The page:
The new leader of the California Assembly says he remains a supporter of the state’s expensive and controversial high-speed rail system. But that backing could soften over recent changes to the project that include running the first trains from the Valley to San Jose instead of his stomping grounds in Southern California.
“I’ve been a supporter of high-speed rail, a strong supporter of it, and I’ve seen today how important it is to Fresno,” Assembly Speaker Anthony Rendon, D-Paramount, told The Bee’s editorial board in a meeting Tuesday afternoon.
“But to be honest, last month when the new (rail) business plan came out, as a Southern Californian and an Assembly member from Los Angeles County, I was a bit surprised, and I have significant questions about it.”
Rendon, a Democrat, was joined at The Bee by Fresno Mayor Ashley Swearengin, a Republican. The pair set aside any obvious partisan differences and stressed the need to work collaboratively. Rendon was in Fresno to meet with Swearengin to learn about the city’s issues and needs, including education and economic development.
“It’s definitely in the city’s best interest to maintain a good relationship with the speaker’s office,” Swearengin said.
Rendon, who ascended to the speakership last month, said he was disappointed that he would not have much time to work with Swearengin before her term as mayor concludes at the end of this year.
Later in the day, Rendon expected to visit the campaign headquarters of Joaquin Arambula, a Democrat in Tuesday’s special election to fill the vacant 31st Assembly District seat.
Over the course of a 45-minute discussion with Bee editors, Rendon addressed California’s extensive needs in vital infrastructure including water, transportation and education – as well as the challenges in finding the funds necessary to make improvements. High-speed rail, he said, is one of those concerns.
“I’m still a supporter,” he said of the proposed 520-mile, $64 billion system that ultimately would connect San Francisco and Los Angeles with 220-mph, electric-powered passenger trains.
“But I want to make sure it’s done correctly. … I want to make sure it’s on time and on budget, and I want to make sure it has a ridership that’s significant enough to be worth the investment.”
Ridership, he added, is the focal point of his concern if the California High-Speed Rail Authority makes good on the proposal in its draft 2016 business plan to start initial operations of a system from north of Bakersfield to the Silicon Valley – a shorter and less-expensive route but a significant shift from earlier plans for the San Fernando Valley to be the initial destination for trains from the San Joaquin Valley.
The 2012 and 2014 editions of the authority’s business plans estimated the cost of a Merced-to-Burbank line at about $31 billion with operations to commence in 2022. But uncertainty over where the money would come from prompted the rail agency to change its focus in the 2016 plan, with an estimated price tag of $21 billion to reach San Jose and begin operations in 2025.
“I think … to a large extent, what we do in this state at the level of public policy, if not political questions, are certainly impacted by politics,” Rendon said, acknowledging the sharp divide in the Legislature between Democrats who dominate both the Assembly and state Senate and have largely supported the rail project, and Republicans who bitterly oppose it.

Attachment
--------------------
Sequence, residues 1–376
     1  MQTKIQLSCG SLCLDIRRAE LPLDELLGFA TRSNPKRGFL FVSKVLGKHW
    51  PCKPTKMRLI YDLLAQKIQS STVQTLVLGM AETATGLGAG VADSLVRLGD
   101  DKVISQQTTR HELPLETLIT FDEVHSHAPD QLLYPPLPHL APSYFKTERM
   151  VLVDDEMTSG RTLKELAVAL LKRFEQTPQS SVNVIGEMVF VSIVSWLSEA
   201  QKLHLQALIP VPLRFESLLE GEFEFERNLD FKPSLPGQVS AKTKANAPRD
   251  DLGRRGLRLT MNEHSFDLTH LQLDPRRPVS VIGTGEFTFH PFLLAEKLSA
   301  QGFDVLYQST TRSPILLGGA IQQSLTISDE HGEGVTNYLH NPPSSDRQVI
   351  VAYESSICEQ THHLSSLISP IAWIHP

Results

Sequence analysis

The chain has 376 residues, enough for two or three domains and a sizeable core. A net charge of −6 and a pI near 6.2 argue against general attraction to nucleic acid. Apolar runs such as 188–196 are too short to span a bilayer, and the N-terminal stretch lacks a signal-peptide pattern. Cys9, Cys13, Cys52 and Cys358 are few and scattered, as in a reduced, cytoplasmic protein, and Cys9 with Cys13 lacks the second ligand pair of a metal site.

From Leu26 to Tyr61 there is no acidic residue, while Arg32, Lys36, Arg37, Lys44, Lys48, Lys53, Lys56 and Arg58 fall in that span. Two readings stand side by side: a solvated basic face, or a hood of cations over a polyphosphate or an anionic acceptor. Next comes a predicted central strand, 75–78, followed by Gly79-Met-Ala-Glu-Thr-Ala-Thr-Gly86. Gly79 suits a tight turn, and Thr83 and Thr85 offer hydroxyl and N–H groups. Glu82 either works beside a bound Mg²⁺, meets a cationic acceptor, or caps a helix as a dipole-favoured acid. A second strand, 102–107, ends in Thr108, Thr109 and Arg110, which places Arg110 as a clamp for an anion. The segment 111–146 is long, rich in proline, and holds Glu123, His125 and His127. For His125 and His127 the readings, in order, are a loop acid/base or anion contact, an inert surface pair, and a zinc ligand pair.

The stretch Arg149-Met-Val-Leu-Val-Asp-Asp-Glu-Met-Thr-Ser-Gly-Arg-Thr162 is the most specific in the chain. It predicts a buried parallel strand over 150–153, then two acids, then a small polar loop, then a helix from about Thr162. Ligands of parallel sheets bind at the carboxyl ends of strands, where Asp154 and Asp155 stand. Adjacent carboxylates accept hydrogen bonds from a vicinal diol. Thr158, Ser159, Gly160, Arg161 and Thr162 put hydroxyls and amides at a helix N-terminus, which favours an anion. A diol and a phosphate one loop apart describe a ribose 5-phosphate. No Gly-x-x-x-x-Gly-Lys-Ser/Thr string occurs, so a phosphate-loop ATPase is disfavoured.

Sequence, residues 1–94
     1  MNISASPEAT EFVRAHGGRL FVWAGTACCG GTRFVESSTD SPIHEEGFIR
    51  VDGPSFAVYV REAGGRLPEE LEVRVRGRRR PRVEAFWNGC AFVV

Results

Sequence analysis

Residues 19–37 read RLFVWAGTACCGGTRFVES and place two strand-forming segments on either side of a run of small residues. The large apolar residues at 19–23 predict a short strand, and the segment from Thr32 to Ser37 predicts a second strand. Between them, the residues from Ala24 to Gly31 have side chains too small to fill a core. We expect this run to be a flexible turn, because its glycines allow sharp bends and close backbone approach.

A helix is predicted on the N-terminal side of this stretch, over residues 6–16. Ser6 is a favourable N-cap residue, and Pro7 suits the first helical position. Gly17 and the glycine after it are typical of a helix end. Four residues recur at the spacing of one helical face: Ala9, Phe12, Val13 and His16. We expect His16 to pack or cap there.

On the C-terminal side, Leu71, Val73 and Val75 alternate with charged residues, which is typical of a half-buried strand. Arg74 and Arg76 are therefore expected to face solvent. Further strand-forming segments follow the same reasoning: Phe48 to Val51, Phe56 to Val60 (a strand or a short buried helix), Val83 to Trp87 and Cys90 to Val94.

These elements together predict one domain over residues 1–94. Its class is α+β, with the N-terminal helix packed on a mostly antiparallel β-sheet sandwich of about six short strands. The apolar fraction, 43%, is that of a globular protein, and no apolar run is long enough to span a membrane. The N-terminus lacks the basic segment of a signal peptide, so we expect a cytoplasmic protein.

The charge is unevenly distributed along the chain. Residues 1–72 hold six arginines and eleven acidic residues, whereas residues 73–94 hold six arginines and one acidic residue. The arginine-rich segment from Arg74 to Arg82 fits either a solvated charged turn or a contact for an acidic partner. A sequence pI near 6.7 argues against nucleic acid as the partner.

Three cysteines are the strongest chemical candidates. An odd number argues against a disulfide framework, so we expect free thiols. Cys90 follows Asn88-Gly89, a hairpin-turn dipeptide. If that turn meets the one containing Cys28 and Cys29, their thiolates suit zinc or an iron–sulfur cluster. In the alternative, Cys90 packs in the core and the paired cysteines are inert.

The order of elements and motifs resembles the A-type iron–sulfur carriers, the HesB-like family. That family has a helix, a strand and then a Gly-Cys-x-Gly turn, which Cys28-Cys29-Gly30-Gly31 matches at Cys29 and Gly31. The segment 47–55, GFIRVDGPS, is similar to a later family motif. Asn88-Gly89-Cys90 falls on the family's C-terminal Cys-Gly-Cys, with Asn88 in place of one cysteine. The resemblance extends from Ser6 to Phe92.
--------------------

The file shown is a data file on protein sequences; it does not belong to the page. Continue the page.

“The support of high-speed rail, since it was passed by voters, has decreased. We know that from every public opinion poll” regardless of whether those polls are politically driven or not, he said.
If the state’s largest urban areas in Southern California are not included in the first operational stage, Rendon added, “I’m worried that support will continue to decline and that will cause significant problems with the overall project.”
The bullet-train project, however, is just one big issue Rendon is focusing on since ascending to the speakership. California’s extensive infrastructure needs – especially water – also will command his attention.
Rendon was instrumental in the development of legislation that became Proposition 1, a ballot measure approved by voters in 2014 authorizing the sale of about $7.5 billion in bonds for water-storage projects across the state, potentially including a new dam on the San Joaquin River at Temperance Flat east of Fresno.
“We spent five years working on that bond,” he said, including holding a series of 18 hearings up and down the state over 14 months.
“Through those efforts, we allocated $7.2 billion, which by my estimate is somewhere between 7 and 10 percent of our water infrastructure needs in California,” he said. “It’s staggering when you think of all the effort we put into it and how little it covers.”
Rendon noted that the state’s aging systems for moving water “were largely created by a federal government … dedicated to big projects that today would cost tens of billions, if not hundreds of billions of dollars.”
“We don’t have that,” he added. “Regardless of your politics, we don’t have a federal government that’s engaged at that level anymore. We’re going to have to figure things out within the state. … The short answer is, yeah, we need to make more investments in water.”
But, he added, “you can make similar arguments for huge investments in schools, similar arguments for investments in transportation. So we have a general infrastructure problem in California. Water is part of that reality.”
“How we prioritize (those needs) is something that the Legislature and future governors need to figure out.”